There are two main methods in garden room wall construction – timber studwork or SIP’s construction.
A timber studwork frame consists of vertical ‘studs’ attached to header and footer plates (horizontals at top and bottom of the frame) with horizontal braces between the studs which are known as noggins. To strengthen the frame and to stop it twisting timber sheathing should be fixed to the outside of the studwork, this is often in the form of sheets exterior grade plywood or orientated strand board (OSB).
Traditionally fibreglass insulation is stuffed into the gaps in the studwork frame, and modern insulations such as sheep’s wool and hemp can be fitted like this, however this insulation would need to be very thick (meaning the wall would have to be extra thick) to meet current building regulation u-values (the rate at which heat is lost from a building). The alternative is to use a rigid insulation which gives better performance per thickness, meaning that a narrower amount of insulation can be used. The best form of insulation for a garden room is to use a combination of insulation between the studwork and rigid insulation fixed to the outside, this is the best of both worlds as you are making use of the space between the studs and encasing the walls in insulation meaning there will be no ‘cold spots’. Cold spots are areas where there is no insulation such as where the studs are or at the corners of a room where the frames join together.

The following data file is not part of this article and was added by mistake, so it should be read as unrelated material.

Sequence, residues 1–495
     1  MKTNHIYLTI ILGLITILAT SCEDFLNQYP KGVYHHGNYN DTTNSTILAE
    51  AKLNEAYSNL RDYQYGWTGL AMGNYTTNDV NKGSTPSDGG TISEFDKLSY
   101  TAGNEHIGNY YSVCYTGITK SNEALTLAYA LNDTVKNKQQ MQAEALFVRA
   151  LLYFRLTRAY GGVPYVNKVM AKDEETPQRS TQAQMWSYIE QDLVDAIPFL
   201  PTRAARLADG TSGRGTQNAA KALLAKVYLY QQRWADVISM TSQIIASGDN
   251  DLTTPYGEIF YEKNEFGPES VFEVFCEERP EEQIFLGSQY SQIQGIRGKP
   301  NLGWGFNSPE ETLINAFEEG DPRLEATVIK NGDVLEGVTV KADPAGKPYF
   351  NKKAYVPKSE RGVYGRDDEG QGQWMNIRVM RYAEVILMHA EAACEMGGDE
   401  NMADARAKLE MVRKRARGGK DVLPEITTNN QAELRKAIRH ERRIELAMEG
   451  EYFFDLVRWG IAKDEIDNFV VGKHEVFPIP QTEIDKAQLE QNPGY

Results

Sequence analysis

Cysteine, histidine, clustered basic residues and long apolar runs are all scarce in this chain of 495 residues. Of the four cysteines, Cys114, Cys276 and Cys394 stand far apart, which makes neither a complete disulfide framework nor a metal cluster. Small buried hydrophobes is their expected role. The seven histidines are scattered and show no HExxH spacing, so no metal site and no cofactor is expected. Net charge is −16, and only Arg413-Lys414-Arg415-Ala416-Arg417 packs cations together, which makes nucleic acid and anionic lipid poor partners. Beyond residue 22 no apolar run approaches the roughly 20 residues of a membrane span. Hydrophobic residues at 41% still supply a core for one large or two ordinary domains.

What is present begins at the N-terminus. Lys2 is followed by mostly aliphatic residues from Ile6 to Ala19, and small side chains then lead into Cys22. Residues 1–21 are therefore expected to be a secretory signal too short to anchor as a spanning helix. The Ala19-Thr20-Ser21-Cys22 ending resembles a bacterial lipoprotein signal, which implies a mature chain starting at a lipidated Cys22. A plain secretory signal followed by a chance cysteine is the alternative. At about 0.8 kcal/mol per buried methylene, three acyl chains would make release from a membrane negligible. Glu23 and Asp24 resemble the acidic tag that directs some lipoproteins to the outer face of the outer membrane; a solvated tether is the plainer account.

The alternative to a studwork frame and insulation described above is Structural Insulated Panel’s (SIP’s) these are basically a sandwich of structural boards with a rigid insulation filling. These panels are load bearing meaning that no timber framework is required. This method of construction is very quick as the panels lock together and are very thermally efficient as the insulation covers the whole wall meaning there are no cold spots.
All Garden Room Walls
All garden room wall construction should incorporate two membranes, a breather membrane and a vapour membrane. The breather membrane is fixed to the outer side of the wall over the insulation and sheathing but under the cladding, this membrane helps to stop the inward movement of moisture. The vapour membrane goes on the inside of the garden room wall and helps to control condensation.
There should be a air space between the breather membrane and external cladding and this is created using treated batten which is fixed in the opposite direction to the cladding i.e. if the cladding is horizontal the batten should be vertical.
The cladding on a garden room is commonly wooden planks of cedar or treated softwood moulded into different patterns such as tongue & groove, shiplap or tapered weatherboarding. Some companies offer metal cladding or composite materials which are generally lower maintenance but give the garden room a different feel.
How the inside is finished is dependent on style of building and manufacturer, some garden rooms are lined internally with plasterboard and finished with a plaster skim which creates a conventional room look, whilst other companies line their garden rooms with tongue & groove boards which once painted create a soft shaker style finish. The final option is to use sheet wood products such as plywood, the problem here is that the joins have to be disguised which can create a less than perfect finish.